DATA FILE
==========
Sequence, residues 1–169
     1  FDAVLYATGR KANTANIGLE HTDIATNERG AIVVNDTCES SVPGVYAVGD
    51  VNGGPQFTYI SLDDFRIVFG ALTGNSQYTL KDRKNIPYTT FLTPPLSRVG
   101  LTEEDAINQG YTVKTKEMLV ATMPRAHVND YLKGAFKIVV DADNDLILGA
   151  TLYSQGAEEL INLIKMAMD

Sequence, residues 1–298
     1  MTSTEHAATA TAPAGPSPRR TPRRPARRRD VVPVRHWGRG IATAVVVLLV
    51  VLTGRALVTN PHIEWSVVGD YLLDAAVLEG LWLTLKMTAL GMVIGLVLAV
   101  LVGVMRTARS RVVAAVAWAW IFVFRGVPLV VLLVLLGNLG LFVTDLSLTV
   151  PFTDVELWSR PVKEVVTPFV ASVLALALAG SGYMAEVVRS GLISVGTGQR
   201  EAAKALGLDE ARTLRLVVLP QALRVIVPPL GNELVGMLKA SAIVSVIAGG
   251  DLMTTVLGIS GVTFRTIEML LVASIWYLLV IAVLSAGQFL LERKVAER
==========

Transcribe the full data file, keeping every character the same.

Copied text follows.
Sequence, residues 1–169
     1  FDAVLYATGR KANTANIGLE HTDIATNERG AIVVNDTCES SVPGVYAVGD
    51  VNGGPQFTYI SLDDFRIVFG ALTGNSQYTL KDRKNIPYTT FLTPPLSRVG
   101  LTEEDAINQG YTVKTKEMLV ATMPRAHVND YLKGAFKIVV DADNDLILGA
   151  TLYSQGAEEL INLIKMAMD

Sequence, residues 1–298
     1  MTSTEHAATA TAPAGPSPRR TPRRPARRRD VVPVRHWGRG IATAVVVLLV
    51  VLTGRALVTN PHIEWSVVGD YLLDAAVLEG LWLTLKMTAL GMVIGLVLAV
   101  LVGVMRTARS RVVAAVAWAW IFVFRGVPLV VLLVLLGNLG LFVTDLSLTV
   151  PFTDVELWSR PVKEVVTPFV ASVLALALAG SGYMAEVVRS GLISVGTGQR
   201  EAAKALGLDE ARTLRLVVLP QALRVIVPPL GNELVGMLKA SAIVSVIAGG
   251  DLMTTVLGIS GVTFRTIEML LVASIWYLLV IAVLSAGQFL LERKVAER